I didn’t hate the book. Getting to read about Aria, Perry, and Roar again was definitely a treat I would not want to miss. I love these characters, even when they are at all time lows. I also loved the setting that continued to get worse and worse. I loved the idea of finding a new place for everyone to cohabitate in. I know I said the preparations made the beginning rather slow. I guess I wanted to see more of the cohabitating in the beginning. I barely saw any of Aria’s past life friends from the pod. I was hoping for a lot more drama than I was given. So, if so much time needs to be spent on the preparations, can there at least be drama too?
I liked seeing Roar slowly heal. I loved the dynamics of his relationship with Perry. And I loved watching Aria play moderator. I also loved Perry’s relationship with Cinder and what he was willing to give up for him really showed who Perry was as a character.
I was not a fan of all the fighting between the two evil bad guys. There was some (rather unneeded) torture in the book too that really didn’t add much to the story line. I think Cinder could have come to the same conclusion a lot earlier than he did. I think all the stuff with the bad guys slowed my reading down too. It was too 90’s cartoon-like, and not enough dystopia/fantasy/adventure.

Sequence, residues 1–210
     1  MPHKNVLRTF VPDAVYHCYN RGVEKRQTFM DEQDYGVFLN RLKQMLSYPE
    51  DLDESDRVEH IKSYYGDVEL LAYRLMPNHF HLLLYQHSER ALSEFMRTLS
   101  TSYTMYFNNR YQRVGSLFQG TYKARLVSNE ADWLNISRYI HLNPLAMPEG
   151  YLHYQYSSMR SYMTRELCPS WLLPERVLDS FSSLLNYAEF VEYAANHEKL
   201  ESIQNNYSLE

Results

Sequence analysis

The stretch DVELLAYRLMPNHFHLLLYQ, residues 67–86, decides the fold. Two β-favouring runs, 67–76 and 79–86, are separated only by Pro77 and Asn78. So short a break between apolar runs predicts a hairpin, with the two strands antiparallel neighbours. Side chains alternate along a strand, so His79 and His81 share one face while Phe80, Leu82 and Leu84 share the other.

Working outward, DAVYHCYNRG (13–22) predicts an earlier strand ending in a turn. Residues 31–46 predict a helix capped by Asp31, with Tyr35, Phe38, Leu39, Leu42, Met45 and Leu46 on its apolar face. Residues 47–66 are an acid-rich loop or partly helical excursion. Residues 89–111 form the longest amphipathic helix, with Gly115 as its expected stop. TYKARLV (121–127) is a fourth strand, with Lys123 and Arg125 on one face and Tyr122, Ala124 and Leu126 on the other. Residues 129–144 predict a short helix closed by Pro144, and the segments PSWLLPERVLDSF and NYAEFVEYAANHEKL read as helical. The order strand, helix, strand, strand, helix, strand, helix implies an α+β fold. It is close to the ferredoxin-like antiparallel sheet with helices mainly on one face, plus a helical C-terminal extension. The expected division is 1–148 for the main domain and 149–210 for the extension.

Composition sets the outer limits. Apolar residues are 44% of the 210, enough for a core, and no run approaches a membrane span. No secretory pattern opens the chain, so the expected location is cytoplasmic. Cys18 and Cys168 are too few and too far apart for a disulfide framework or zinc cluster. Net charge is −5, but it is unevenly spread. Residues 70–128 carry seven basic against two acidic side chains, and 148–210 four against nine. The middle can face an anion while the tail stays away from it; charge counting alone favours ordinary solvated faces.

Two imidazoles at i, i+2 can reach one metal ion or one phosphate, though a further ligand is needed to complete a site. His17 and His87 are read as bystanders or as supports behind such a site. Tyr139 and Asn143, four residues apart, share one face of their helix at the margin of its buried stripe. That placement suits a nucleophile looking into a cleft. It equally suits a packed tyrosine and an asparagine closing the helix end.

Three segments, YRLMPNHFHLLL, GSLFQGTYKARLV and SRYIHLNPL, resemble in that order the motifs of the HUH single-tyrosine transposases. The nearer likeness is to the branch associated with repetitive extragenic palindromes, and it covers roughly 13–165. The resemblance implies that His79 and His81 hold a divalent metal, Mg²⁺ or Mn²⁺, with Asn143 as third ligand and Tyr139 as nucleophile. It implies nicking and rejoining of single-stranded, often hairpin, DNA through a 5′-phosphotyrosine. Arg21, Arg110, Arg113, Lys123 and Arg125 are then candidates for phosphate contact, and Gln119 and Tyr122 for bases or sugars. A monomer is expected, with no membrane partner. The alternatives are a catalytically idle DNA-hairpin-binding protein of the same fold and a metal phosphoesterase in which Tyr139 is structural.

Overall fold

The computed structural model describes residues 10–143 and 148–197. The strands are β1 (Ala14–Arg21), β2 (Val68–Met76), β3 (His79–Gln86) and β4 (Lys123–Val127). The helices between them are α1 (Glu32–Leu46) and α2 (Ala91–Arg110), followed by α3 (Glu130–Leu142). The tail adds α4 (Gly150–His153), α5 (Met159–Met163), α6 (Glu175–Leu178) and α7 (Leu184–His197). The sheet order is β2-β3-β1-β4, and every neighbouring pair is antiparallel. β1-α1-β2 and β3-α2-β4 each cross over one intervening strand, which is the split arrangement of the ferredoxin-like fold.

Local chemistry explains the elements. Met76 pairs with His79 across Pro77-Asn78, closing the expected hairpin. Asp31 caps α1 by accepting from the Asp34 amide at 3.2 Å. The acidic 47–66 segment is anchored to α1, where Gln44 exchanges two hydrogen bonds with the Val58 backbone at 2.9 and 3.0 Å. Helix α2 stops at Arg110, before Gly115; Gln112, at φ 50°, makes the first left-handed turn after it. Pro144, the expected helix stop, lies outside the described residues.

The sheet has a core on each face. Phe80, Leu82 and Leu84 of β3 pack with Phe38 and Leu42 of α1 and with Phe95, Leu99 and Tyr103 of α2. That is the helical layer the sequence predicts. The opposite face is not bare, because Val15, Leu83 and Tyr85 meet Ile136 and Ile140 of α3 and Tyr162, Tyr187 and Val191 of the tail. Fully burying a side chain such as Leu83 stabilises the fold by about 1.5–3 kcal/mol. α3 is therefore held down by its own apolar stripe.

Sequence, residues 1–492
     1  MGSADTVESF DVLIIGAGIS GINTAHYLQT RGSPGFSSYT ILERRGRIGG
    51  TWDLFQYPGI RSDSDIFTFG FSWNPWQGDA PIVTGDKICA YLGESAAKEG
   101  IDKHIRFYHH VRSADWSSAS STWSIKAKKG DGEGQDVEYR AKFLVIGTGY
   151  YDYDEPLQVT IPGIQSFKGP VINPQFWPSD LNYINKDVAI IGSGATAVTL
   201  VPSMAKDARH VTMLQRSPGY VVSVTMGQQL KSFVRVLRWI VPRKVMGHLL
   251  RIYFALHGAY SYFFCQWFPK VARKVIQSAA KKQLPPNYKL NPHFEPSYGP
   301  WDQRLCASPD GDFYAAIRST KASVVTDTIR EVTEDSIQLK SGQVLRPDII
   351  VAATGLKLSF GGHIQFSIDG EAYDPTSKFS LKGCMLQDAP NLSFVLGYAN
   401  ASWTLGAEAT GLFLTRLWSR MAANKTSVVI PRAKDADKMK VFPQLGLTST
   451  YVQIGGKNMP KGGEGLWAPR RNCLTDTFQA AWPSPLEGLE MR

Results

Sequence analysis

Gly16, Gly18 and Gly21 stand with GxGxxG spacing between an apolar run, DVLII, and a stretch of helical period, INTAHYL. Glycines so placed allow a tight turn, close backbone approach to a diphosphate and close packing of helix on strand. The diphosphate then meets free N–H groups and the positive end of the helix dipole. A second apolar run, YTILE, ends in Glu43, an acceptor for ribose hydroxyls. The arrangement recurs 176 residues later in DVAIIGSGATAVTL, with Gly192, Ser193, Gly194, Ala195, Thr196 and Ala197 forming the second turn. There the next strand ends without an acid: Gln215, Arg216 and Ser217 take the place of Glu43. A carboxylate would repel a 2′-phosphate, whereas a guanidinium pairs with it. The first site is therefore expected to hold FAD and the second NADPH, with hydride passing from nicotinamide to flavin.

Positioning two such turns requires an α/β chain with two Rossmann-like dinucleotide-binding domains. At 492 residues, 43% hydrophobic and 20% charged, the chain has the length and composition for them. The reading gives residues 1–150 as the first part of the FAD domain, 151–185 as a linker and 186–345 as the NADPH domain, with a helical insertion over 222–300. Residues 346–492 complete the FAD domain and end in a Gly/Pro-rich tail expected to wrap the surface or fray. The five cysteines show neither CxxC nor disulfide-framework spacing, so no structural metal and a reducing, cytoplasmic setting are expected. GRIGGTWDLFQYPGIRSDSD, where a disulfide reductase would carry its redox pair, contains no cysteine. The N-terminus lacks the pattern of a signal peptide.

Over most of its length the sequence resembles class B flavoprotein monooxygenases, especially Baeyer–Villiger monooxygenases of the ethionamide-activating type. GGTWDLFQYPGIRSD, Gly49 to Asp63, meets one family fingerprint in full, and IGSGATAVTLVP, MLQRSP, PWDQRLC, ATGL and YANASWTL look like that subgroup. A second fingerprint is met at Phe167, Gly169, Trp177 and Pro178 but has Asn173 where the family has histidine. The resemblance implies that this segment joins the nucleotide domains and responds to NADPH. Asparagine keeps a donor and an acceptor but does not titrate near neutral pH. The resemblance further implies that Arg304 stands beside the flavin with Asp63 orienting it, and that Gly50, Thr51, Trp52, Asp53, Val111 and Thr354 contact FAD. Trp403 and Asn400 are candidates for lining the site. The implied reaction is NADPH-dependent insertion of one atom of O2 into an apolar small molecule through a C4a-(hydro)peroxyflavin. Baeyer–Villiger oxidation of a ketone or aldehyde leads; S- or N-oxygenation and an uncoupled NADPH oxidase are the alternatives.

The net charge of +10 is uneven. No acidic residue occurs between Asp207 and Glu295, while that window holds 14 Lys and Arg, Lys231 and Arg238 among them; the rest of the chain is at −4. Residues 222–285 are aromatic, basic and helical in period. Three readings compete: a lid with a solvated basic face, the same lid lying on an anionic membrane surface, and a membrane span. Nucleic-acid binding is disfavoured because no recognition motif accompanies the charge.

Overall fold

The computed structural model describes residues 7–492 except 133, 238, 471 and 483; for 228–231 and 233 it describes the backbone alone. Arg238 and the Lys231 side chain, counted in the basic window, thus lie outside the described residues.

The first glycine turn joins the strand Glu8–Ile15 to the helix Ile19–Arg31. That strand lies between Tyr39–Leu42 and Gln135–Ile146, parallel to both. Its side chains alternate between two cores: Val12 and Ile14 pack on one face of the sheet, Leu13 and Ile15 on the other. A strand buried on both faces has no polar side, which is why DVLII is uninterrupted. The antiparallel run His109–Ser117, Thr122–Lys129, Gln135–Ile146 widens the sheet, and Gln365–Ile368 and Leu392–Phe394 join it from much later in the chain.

I am still a huge fan overall of the series. I have no idea how Rossi could come up with such an interesting, complex world. I adore the characters in these books. I just felt like this last installment was lacking a lot of the unique magic that the first two had. I give it a 7/10.

Wednesday, April 2, 2014

Waiting on Wednesday (87)

Waiting on Wednesday is a weekly meme hosted by Breaking the Spine that allows bloggers to share which books we are most anticipating.
This week I am waiting on The Infinite Sea by Rick Yancey (9/16/14):
Description (on Goodreads):
How do you rid the Earth of seven billion humans? Rid the humans of their humanity.

Surviving the first four waves was nearly impossible. Now Cassie Sullivan finds herself in a new world, a world in which the fundamental trust that binds us together is gone. As the 5th Wave rolls across the landscape, Cassie, Ben, and Ringer are forced to confront the Others’ ultimate goal: the extermination of the human race.

Cassie and her friends haven’t seen the depths to which the Others will sink, nor have the Others seen the heights to which humanity will rise, in the ultimate battle between life and death, hope and despair, love and hate.
Why I’m Waiting:
I’ve been waiting on this one since the last words of the first book. The Fifth Wave was one of those books that’s hard to not read in one sitting. The suspense, the action, the story, and the terrifying concept made for one epic YA book. I might even re-read book one while I’m waiting, maybe. Plus, it ended in such a spot!
What are you waiting on this week?